# Balmer's Formula.

1. Apr 16, 2008

### elephantorz

[SOLVED] Balmer's Formula.

1. I am to find the formula of each series of wavelengths:
• 12500, 31.25, 13.90, 7.81, and 5.00 nm
• 375, 900, 1575, 2400, 3375, and 4500 nm
***Also, n might not always equal 1.

2. $$\lambda$$ = $$\frac{94.18 nm} ({\frac{1}{m^{2}}) - (\frac{1}{n^{2}})}$$)
Where m = 1, 2, 3, ... and n = m+1, m+2, ...​

3. My prof said that all I had to do was plug and chug, but I am not exactly sure what she meant by that, and do I assume that m is just zero at times?
I want to know if there is a way I can do this mathematically? She told me to THINK squares, so I attempted to take the square root of the numbers.

Any guidance will be appreciated.

2. Apr 16, 2008

### elephantorz

I wanted to clarify since I seem to have found the second one, it is talking about finding a FORMULA, so Balmer's formula is really useless in a way.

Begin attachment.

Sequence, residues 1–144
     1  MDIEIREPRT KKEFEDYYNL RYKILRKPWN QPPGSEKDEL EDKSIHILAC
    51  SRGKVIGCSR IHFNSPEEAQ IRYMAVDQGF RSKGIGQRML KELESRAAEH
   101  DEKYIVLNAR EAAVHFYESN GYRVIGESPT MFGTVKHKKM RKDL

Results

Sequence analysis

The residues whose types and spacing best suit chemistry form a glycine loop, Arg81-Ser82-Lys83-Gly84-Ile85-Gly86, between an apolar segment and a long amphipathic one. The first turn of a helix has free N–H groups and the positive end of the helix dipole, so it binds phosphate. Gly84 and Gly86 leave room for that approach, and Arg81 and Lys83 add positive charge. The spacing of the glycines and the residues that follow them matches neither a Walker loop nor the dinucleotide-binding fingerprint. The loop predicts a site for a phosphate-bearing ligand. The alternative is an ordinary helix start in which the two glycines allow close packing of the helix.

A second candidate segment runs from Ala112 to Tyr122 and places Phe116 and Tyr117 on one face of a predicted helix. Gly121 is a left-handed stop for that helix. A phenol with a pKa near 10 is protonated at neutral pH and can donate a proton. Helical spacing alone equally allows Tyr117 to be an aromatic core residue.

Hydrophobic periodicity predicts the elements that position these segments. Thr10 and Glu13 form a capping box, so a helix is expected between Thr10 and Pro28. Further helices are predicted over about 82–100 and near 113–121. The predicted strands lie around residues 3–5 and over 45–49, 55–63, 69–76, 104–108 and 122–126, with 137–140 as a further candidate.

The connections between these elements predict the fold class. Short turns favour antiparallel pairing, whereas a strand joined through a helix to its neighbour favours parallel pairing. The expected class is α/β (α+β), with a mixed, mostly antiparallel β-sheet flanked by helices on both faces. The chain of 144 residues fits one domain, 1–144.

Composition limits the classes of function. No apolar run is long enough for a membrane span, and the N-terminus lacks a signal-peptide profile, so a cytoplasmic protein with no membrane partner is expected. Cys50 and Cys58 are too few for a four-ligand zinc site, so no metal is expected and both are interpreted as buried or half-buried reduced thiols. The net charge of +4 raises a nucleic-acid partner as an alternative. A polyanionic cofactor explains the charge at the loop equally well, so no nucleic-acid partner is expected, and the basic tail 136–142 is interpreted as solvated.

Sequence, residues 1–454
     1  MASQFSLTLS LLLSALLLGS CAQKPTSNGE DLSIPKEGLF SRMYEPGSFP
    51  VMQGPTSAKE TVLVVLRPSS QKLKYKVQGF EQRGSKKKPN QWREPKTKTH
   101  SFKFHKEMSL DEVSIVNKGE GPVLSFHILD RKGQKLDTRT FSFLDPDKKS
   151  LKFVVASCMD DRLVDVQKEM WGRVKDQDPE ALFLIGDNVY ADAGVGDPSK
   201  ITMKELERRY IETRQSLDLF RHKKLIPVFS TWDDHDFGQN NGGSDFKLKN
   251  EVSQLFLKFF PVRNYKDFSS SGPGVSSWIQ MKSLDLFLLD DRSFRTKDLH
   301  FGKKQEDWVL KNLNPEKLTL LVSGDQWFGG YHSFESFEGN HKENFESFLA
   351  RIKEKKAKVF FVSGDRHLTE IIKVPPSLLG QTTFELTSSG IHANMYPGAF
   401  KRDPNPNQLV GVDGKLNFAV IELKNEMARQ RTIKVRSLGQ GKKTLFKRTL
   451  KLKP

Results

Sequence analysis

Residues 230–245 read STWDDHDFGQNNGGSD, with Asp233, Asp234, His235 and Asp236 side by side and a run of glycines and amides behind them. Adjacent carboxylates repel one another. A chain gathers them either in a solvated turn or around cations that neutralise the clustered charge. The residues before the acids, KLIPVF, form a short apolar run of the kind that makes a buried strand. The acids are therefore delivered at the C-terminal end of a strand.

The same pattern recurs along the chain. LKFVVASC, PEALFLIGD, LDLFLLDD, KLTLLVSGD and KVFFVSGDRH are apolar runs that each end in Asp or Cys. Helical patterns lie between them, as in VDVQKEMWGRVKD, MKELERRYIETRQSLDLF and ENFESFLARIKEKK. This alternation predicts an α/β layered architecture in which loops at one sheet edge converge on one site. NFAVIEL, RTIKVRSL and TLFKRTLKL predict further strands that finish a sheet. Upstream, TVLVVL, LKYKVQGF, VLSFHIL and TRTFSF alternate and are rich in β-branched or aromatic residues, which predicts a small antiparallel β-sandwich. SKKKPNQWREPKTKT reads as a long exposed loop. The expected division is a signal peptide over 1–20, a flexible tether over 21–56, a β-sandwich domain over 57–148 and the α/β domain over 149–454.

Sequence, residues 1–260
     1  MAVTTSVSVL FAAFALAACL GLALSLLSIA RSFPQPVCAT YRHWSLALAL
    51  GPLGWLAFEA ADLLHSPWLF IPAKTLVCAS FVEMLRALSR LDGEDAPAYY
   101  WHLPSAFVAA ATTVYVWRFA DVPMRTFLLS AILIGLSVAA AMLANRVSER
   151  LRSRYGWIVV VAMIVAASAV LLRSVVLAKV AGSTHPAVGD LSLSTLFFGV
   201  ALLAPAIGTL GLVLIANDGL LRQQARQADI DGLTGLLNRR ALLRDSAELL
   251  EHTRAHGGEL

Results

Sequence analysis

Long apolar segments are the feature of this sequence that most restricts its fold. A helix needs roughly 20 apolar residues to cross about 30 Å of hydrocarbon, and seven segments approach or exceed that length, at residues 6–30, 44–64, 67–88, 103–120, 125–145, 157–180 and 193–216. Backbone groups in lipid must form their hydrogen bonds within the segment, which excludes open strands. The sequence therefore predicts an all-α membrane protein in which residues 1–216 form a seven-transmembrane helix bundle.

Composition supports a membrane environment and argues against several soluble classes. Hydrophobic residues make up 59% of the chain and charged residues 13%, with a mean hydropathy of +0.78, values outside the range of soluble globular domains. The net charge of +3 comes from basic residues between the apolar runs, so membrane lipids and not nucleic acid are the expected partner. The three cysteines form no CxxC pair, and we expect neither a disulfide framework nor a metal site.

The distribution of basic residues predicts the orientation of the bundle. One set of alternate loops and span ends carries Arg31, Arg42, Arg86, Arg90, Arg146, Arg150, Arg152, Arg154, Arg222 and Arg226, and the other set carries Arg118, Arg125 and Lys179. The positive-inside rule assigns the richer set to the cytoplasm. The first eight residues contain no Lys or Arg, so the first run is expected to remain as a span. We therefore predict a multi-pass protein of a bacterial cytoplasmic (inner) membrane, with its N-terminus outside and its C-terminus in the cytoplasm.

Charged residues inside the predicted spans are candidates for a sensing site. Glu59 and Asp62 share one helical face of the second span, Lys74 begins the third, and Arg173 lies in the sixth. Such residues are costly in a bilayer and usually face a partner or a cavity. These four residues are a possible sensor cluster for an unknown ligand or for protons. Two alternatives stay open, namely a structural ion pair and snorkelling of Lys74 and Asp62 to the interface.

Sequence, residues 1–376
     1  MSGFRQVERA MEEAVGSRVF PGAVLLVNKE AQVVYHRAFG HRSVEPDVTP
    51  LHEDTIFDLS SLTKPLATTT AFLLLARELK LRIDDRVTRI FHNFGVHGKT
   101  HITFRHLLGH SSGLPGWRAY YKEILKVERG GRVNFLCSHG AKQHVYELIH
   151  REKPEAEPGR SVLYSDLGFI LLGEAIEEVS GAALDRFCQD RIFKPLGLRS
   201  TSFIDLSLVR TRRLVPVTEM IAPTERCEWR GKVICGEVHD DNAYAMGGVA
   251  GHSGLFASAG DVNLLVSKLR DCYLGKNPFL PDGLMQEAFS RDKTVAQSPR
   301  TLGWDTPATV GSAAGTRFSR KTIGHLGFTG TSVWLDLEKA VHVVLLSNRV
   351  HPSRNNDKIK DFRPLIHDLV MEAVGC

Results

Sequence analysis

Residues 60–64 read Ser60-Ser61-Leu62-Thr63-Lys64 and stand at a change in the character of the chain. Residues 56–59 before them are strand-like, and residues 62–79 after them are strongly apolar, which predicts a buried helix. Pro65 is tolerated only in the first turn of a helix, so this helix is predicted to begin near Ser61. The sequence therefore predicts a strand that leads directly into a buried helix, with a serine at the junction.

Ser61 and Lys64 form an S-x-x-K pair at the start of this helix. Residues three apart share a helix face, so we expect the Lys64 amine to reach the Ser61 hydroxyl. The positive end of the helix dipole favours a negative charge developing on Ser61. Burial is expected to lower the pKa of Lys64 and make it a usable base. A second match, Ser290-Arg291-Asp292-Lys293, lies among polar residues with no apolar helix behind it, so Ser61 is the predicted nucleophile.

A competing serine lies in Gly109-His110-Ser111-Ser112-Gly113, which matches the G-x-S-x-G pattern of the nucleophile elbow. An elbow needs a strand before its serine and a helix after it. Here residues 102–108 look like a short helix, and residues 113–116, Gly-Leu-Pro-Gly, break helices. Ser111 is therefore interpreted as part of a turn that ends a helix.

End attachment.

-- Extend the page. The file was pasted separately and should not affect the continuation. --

If a Mod would rename this I would really appreciate it, rename it to: Finding Formula given a series.

3. Apr 16, 2008

### elephantorz

And I just figured out the second one, what a waste of forum-space!

Thanks anyway!

:D

4. Apr 16, 2008

### kamerling

One way is to take differences between succesive numbers, and see if a pattern emerges.
Take the differences of the differences is that doesn't work. If the differences are constant after n steps the numbers can be produced with a n'th degree polynomial.

since the numbers are wavelengths, you could try the frequencies as well.

I think the first number from a needs to be 125.00